Up to now I’ve tended not to write a lot about the more devotional aspect of Buddhism, however here I go! The custom within our religious Order is to celebrate, in the form of a ceremony, a number of Bodhisattvas. Today is the turn of Bhaisajya-guru Tathagata, commonly referred to as the Medicine Buddha.

This is in honour of Bhaisajyaguru, the Buddha of Healing
who sits radiantly in the pure land of this moment.
Whenever we give ourselves in trust
to the mind of meditation we call upon Him
and receive the medicine that ends all suffering.
This medicine He offers is the acceptance
of all causes and conditions
that make our lives what they are.

Such acceptance releases us from grasping
and brings serenity in the face of death.
His teaching removes frustration,
despair and the need for
dreams and unreal hopes.
All activity and purpose is within
the stillness of His heart.
His vows to heal all beings is His true body
and it appears whenever we respond
with compassion to the needs that surround us.

When we give ourselves in trust
our lives are fulfilled.
We cannot judge the worth of our offering,
it is enough that it is made with a pure heart.
For those who give themselves, all questions vanish
and there is nothing to ask for that is not already given.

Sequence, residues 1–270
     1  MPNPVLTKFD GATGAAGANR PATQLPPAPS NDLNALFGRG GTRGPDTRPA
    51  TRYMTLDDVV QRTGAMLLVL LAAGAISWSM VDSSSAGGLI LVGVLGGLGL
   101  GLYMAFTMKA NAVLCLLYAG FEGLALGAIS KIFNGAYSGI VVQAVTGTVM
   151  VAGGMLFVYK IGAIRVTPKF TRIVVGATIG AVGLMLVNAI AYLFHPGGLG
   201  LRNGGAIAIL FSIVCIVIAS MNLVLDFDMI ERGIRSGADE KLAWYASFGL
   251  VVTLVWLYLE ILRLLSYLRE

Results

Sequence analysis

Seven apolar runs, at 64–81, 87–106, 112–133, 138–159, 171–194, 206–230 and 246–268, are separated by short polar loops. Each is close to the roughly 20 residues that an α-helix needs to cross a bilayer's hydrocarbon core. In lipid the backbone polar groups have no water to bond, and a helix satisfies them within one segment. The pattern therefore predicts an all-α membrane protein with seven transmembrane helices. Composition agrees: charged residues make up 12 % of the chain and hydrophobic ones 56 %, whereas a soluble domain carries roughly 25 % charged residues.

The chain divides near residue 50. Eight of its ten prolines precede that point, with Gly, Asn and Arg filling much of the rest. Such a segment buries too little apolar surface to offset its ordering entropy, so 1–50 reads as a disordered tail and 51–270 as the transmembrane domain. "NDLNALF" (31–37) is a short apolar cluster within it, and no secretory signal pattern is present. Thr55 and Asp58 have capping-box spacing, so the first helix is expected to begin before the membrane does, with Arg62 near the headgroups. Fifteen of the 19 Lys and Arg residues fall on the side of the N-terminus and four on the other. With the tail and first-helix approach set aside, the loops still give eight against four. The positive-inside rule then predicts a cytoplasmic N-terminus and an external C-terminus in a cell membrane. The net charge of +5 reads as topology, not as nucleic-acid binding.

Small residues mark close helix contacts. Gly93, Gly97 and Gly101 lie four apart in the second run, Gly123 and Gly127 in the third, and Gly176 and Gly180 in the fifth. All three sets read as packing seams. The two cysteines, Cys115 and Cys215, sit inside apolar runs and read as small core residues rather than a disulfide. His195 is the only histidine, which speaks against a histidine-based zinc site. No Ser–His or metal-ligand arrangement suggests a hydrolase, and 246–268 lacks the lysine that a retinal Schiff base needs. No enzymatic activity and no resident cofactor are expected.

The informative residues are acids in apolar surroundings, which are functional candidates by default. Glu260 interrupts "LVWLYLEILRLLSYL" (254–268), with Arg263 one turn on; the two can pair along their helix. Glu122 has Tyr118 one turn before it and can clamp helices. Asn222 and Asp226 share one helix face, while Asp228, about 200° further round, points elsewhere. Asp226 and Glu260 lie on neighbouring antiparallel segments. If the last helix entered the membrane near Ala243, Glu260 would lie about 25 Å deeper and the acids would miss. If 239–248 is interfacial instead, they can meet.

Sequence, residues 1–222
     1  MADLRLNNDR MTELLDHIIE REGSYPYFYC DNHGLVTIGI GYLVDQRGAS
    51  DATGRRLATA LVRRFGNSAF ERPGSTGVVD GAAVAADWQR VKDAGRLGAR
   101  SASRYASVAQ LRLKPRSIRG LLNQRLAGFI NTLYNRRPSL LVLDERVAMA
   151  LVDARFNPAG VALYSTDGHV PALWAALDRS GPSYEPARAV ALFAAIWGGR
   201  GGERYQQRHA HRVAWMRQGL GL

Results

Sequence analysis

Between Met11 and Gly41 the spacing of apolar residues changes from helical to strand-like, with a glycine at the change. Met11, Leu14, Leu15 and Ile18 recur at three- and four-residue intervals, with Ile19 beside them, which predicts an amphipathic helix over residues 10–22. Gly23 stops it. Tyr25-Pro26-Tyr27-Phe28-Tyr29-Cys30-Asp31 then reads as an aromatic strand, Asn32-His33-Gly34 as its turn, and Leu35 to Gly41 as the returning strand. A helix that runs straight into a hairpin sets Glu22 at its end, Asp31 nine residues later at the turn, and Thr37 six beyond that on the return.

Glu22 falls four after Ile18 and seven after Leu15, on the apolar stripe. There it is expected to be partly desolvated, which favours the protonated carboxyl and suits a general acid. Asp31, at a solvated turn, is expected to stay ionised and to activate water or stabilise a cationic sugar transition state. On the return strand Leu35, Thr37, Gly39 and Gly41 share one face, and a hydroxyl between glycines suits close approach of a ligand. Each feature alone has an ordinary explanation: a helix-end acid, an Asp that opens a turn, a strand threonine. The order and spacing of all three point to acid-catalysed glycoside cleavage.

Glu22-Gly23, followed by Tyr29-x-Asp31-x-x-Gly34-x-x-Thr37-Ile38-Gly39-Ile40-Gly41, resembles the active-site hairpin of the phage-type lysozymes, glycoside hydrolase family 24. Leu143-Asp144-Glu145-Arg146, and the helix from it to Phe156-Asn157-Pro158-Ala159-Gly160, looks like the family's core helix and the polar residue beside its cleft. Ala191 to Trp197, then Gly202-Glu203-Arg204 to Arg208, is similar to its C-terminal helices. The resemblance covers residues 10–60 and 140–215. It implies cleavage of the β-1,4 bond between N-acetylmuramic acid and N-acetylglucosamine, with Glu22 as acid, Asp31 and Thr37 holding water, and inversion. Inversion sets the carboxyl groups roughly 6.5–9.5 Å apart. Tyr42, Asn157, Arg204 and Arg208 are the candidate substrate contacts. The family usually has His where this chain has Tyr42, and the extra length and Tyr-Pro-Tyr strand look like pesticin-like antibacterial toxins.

The body of the Buddha is constantly emerging
and yet it is never moving.

We bow in gratitude for the great compassion of all the Buddhas and for their limitless teaching.

See also this post, The Healing Buddha

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For subscribers

I just published the Guest Post ‘Realizing body/mind Together’ prematurely! I’d not added ‘Guest Post’ to the title so you might be wondering if I am, or was, training to climb mountains. Not. Absolutely not. That’s John, he recounts his efforts to get fit to climb mountains, which he did quite a few years ago.

I’ve known John since 2006 and have enjoyed many a phone call and received much help and encouragement and advice around my blog and online presence.

And for those of you who are not subscribers…you can do that by filling in your email address in a box, top left of the website. I don’t do anything with subscriber emails. They are private and only I see them.

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Did I sign up for This?